A 2020 report by DIGG, the Swedish government’s agency for digital administration established in 2018, estimated the potential value AI could create in Sweden’s public sector to be in excess of 140 billion kronor (€12.5bn) annually. The report noted that municipalities are primed to become a major beneficiary of AI on the cost and efficiency side of their operations.

The government has assigned Innova, the state innovation agency, to support AI projects run for and by municipalities. Innova, which is currently investigating the conditions for optimum gains from the use of AI across all 12 municipalities, instigated the Joint Initiative for AI in Municipalities and Civil Society (Kraftsamling för AI i Kommuner och Civilsamhälle) project in August to help municipalities embrace AI.

“There is a great need for more municipalities to seriously engage in AI usage and to do so in a way that creates conditions where they share information and learn from each other to jointly address important issues,” said Fredrik Weisner, Innova’s area manager for digital transformation.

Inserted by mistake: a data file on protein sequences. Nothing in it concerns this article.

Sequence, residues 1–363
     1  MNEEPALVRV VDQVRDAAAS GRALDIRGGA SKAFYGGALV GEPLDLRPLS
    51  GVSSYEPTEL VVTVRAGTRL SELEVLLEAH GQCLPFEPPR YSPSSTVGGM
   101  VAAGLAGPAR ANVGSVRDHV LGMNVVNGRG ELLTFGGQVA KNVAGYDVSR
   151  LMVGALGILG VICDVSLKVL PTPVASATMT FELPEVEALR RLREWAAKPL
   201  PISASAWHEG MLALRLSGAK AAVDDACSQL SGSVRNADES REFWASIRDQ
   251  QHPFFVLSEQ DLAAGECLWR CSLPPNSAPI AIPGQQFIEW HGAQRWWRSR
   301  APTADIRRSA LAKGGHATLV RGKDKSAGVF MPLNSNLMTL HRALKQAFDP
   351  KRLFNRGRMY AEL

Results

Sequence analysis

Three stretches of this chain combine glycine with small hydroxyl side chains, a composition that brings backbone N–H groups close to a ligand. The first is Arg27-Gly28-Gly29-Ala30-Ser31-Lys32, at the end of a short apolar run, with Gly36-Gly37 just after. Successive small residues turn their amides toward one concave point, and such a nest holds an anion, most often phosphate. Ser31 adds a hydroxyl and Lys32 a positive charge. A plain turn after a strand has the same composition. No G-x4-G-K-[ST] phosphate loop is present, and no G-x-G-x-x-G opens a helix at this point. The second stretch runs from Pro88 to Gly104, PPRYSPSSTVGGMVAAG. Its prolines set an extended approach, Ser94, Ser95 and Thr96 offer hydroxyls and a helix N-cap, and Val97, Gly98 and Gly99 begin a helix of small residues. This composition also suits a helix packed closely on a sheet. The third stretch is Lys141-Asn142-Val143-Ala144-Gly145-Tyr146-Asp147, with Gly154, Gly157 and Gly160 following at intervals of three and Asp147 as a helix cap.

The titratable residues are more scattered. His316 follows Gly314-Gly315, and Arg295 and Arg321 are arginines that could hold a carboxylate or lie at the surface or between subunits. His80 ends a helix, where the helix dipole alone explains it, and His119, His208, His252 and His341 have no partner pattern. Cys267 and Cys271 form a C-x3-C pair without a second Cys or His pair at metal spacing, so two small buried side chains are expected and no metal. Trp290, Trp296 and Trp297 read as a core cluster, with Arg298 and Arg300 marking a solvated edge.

The development of Sweden ’s national AI strategy has triggered relevant and important changes to legislation. The government’s new Foreign Direct Investment Act (FDIA), which passed in to law on 13 September 2023, included for the first time comprehensive sections covering the use of AI and protections for AI technologies.

The updated FDIA more strictly controls foreign investments, direct and indirect, in Swedish companies regulated under Swedish data protection laws.  

Overall, the FDIA deals with emerging technologies and strategic protected technologies such as AI, quantum computers and other technology that may have future or current significance for essential societal services. The legislation also provides for stricter regulations to protect sensitive personal data and location data as defined under General Data Protection Regulation laws.